First off, let me repeat what I’ve long stressed and found over the decades to be true — investing in your own country where you know the laws and have some faith in the markets and the numbers that publicly-traded companies report is hard enough. Staying on top of US-based companies and their place in global Revolution Investment trends is hard enough, no? I typically stray away from foreign-investments, especially “developing market” investments, and having seen most investors lose their shirts at some point in most developing markets cycles over the years, I continue to think it’s wise to keep most of your money invested in domestic companies.
But again, let’s check that premise at the door and see if there’s an opportunity, contrarian or otherwise, to make some money in Yandex.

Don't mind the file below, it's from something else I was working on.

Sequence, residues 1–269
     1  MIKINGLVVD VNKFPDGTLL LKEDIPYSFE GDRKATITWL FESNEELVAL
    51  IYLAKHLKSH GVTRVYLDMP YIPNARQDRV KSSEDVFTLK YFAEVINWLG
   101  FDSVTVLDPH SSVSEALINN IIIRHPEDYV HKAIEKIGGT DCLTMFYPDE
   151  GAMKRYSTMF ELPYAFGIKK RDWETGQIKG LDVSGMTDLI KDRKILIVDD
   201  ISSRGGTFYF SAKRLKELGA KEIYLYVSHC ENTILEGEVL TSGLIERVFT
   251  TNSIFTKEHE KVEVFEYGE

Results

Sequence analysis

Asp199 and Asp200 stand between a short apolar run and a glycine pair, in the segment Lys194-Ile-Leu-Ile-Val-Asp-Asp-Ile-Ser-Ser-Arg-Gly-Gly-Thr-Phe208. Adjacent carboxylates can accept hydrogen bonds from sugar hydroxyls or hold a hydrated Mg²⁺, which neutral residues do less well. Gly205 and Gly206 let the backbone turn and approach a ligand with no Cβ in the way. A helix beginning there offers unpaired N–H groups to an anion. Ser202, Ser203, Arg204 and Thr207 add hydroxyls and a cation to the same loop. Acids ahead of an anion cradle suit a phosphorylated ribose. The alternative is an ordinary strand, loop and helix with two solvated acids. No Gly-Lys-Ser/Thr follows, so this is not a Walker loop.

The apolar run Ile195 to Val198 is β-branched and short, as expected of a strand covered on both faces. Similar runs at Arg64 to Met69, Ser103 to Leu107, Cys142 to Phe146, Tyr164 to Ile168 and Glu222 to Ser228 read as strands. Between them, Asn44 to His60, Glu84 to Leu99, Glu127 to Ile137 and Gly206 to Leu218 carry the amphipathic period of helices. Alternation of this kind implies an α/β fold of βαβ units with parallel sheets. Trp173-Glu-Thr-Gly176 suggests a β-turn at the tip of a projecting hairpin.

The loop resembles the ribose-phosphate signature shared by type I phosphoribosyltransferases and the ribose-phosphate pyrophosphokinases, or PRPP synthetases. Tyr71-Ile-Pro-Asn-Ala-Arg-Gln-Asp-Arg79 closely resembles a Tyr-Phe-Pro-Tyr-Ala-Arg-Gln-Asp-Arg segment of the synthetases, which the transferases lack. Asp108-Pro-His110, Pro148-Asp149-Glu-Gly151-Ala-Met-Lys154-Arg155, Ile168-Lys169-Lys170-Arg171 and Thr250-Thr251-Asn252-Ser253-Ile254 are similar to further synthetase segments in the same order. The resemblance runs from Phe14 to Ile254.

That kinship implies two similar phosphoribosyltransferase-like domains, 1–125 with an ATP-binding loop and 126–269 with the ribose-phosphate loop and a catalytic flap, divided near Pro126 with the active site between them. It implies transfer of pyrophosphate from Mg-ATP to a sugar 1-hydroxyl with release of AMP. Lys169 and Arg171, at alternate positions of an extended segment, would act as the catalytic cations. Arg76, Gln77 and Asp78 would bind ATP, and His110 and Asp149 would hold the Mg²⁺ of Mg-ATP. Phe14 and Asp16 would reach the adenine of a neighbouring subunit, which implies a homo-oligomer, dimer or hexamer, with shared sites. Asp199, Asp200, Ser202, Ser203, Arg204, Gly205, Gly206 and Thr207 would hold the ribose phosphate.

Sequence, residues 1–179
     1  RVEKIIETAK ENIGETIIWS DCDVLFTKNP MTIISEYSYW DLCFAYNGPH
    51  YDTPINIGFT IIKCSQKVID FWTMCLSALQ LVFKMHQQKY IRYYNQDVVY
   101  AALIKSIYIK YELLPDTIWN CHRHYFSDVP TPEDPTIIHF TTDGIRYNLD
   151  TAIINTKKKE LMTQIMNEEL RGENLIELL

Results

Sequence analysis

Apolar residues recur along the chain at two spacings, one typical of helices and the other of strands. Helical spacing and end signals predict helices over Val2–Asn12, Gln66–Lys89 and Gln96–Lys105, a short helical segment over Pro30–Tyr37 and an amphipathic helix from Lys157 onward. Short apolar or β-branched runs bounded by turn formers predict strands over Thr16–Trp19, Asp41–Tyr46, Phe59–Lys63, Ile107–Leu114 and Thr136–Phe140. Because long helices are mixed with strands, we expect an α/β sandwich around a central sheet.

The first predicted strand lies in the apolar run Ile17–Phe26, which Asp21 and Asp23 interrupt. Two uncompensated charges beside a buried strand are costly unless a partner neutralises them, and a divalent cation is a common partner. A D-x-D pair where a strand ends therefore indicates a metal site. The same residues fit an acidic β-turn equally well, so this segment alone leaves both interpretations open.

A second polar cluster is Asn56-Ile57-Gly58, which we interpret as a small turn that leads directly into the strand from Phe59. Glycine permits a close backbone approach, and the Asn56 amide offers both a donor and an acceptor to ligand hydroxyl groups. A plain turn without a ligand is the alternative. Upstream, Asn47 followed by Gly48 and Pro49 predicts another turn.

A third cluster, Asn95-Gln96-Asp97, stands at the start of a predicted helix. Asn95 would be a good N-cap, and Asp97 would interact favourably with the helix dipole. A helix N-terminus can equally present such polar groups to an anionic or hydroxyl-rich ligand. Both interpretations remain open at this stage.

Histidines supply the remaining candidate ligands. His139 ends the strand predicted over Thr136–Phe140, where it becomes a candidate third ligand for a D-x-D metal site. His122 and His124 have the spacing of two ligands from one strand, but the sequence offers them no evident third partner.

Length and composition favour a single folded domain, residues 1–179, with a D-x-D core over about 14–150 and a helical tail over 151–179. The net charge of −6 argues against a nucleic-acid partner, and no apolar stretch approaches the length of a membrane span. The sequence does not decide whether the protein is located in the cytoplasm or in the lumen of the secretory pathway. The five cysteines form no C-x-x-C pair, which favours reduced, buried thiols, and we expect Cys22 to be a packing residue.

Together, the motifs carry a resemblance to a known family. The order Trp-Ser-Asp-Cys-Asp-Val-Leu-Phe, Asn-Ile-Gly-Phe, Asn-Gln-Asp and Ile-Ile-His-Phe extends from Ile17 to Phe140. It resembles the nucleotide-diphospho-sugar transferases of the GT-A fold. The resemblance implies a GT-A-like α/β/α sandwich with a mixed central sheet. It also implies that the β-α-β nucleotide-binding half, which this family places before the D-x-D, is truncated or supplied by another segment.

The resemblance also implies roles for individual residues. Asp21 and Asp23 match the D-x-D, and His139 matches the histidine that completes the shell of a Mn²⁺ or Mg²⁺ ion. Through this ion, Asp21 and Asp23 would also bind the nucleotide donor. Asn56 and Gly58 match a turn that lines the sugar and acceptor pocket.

The contrarian-esque concept to this trade is much like the concept I’ve espoused over the last five years of buying stocks whenever the markets freak out and panic about a geopolitical development. Naveen mentioned my thoughts on the Syria conflicts when I’d repeatedly advised taking advantage of the panic in the markets by buying good stocks that you already believed in but were being sold off in the broader markets’ sell-off.
Take a look at the broad panicky sell-off in the Russian Stock Market Index, the RTS. You can see where it crashed when Russia formally invaded and took over the Crimea region of the Ukraine region of the former southwestern region of the former USSR region of the Eurasia region over there east of the US where I feel comfortable investing. I write it that way to underscore how far away Yandex and Russia and the conflict in Ukraine is from us here in the US and for me here in Alto, NM where I am writing this.